latest forecast for 2009 predicts an industry loss of US$2.5 billion. All regions, except the US, are expected to report larger losses in 2009
than in 2008. Forecast highlights are:
Industry revenues are expected to decline to US$501 billion. This a fall of US$35 billion from the US$536 billion in revenues forecasted for 2008.
This drop in revenues is the first since the two consecutive years of decline in 2001 and 2002.
Yields will decline by 3% (5.3% when adjusted for exchange rates and inflation).
Passenger traffic is expected to decline by 3% following growth of 2% in 2008. This is the first decline in passenger traffic since the 2.7% drop in
Cargo traffic is expected to decline by 5%, following a drop of 1.5% in 2008. Prior to 2008 the last time that cargo declined was in 2001 when a
6% drop was recorded.
The 2009 oil price is expected to average US$60 per barrel (Brent) for a total bill of US$142 billion. This is US$32 billion lower than in 2008 when
oil averaged US$100 per barrel (Brent).
“The outlook is bleak. The chronic industry crisis will continue into 2009 with US$2.5 billion in losses. We face the worst revenue environment in
50 years,” said Giovanni Bisignani, IATA’s Director General and CEO.
IATA also updated its forecast for 2008 to a loss of
US$5 billion. This is slightly improved from the US$5.2 billion loss projected in the
Association’s September forecast, thanks primarily to the rapid decline in fuel prices.
The reduction in industry losses from 2008 to 2009 is primarily due to a shift in the results of North American carriers. Carriers in this region were
hardest hit by high fuel prices with very limited hedging and are expected to post the largest industry losses for 2008 at US$3.9 billion.
10% domestic capacity reduction in response to the fuel crisis has given the region’s carriers a head-start in combating the recession-led fall in
demand. The lack of hedging is now allowing the region’s carriers to take full advantage of rapidly declining spot fuel prices. As a result, North
American carriers are expected to post a small profit of US$300 million in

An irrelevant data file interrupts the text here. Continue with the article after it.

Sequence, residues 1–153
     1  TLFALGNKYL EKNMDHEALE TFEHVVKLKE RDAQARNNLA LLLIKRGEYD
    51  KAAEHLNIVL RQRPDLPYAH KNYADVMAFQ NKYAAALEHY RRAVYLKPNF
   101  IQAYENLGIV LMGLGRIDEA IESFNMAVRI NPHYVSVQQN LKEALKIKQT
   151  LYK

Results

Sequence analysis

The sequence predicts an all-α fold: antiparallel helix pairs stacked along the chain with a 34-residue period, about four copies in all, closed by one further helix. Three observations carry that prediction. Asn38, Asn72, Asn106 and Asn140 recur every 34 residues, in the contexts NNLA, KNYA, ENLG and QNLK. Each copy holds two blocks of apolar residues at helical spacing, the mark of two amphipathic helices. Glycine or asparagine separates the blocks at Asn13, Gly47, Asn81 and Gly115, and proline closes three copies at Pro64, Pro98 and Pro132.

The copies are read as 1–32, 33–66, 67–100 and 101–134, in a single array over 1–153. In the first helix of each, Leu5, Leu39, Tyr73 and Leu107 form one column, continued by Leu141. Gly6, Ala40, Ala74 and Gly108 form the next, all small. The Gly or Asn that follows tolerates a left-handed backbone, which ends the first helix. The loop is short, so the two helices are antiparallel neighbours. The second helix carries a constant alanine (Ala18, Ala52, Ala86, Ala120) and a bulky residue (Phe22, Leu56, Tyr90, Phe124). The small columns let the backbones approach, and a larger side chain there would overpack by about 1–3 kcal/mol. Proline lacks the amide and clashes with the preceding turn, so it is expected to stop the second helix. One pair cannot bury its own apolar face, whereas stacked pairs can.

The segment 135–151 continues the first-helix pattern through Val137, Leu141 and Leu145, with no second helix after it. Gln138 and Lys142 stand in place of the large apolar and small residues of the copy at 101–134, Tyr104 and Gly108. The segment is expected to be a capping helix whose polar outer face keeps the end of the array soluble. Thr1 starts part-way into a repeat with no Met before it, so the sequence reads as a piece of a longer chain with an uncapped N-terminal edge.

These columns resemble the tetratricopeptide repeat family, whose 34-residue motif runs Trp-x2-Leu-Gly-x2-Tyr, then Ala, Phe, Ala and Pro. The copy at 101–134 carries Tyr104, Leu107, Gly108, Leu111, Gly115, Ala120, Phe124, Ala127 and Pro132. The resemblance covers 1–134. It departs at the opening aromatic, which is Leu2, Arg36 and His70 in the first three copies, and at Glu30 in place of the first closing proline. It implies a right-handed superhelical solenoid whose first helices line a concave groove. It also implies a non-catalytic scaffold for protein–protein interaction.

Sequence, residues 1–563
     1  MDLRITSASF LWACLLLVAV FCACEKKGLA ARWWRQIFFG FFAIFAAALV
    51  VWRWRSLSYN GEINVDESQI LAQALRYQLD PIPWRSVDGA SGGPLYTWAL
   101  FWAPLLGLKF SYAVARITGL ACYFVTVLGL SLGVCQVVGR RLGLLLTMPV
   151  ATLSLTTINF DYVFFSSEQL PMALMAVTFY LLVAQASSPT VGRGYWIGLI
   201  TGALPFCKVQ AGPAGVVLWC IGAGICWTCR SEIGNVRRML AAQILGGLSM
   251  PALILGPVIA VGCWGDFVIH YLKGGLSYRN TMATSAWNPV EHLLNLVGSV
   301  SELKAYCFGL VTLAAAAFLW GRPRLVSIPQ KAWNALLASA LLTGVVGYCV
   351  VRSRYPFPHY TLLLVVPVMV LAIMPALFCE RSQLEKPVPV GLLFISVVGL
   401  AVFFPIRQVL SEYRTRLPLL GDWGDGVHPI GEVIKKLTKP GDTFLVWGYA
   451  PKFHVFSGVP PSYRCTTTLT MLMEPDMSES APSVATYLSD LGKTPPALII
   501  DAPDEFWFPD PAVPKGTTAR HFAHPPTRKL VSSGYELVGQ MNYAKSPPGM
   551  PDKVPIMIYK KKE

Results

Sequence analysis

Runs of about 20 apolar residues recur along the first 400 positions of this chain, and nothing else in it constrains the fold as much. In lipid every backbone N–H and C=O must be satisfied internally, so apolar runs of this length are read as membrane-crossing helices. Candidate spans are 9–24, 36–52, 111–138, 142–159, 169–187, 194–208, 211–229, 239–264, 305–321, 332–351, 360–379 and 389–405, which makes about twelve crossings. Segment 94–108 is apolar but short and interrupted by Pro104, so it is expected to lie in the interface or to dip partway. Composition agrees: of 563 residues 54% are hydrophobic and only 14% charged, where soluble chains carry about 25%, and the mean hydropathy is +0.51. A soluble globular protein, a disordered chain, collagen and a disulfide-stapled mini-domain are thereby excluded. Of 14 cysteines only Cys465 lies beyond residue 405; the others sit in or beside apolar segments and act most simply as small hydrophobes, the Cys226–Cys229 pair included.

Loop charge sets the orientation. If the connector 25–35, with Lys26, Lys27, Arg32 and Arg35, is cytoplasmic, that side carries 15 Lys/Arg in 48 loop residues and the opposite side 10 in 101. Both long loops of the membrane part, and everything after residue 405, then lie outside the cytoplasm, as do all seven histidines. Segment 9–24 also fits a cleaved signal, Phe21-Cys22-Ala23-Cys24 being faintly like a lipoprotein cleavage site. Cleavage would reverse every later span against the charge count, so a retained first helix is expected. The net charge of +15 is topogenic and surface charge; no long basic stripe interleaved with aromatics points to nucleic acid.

“North America will be the only region in the black, but the expected US$300 million profit is less than 1% of their revenue. 2009 will be another tough year for everyone,” said
All other regions will show losses:
Asia Pacific carriers will see losses more than double from the US$500 million in 2008 to US$1.1 billion in 2009. With 45% of the global cargo
market, the region’s carriers will be disproportionately impacted by the expected 5% drop in global cargo markets next year. The region’s
largest market - Japan - is already in recession.
And its two main growth markets - China and India - are expected to deliver a major shift in performance. Chinese growth will slow as a result of
the drop-off in exports. India’s carriers, which are already struggling with high taxes and insufficient infrastructure, can expect a drop in demand
following on from the tragic terror incidents in November.
Losses for European carriers will increase ten-fold to US$1 billion. Europe’s main economies are already in recession. Hedging has locked in
high fuel prices for many of the region’s carriers in US dollar terms, and the weakened Euro is exaggerating the impact.
Middle Eastern airlines will see losses double to US$200 million. The challenge for the region will be to match capacity to demand as fleets
expand and traffic slows - particularly for long-haul connections.
Latin American carriers will see losses double to US$200 million. Strong commodity demand that has driven the region’s growth has been
severely curtailed in the current economic crisis. The downturn in the US economy is hitting the region hard.
African airlines will see losses of US$300 million continue. The region’s carriers face strong competition. Defending market-share will be the
Bisignani made special note of the continuing contraction of air cargo traffic that started in June 2008. “Air cargo comprises 35% of value of
goods traded internationally. The 7.9% decline in October is a clear indication that the worst is yet to come - for airlines and the slowing global
economy,” Bisignani said.
“Airlines have done a remarkable job of restructuring themselves since 2001. Non-fuel unit costs are down 13%. Fuel efficiency has improved
by 19%. And sales and marketing unit costs have come down by 13%. IATA made a significant contribution to this restructuring. In 2008 our fuel
campaign helped airlines to save US$5 billion, equal to 14.8 million tonnes of CO2. And our work with monopoly suppliers yielded saving of
US$2.8 billion. But the ferocity of the economic crisis has overshadowed these gains and airlines are struggling to match capacity with the
expected 3% drop in passenger demand for 2009. The industry remains sick. And it will
take changes beyond the control of airlines to navigate back into profitable territory,”
Bisignani outlined an industry action plan for 2009 that reflected the Association’s Istanbul Declaration in June of this year. “Labour must
understand that jobs will disappear when costs don’t come down. Industry partners must contribute to efficiency gains. And governments must
stop crazy taxation, fix the infrastructure, give airlines normal commercial freedoms and effectively regulate monopoly suppliers,”
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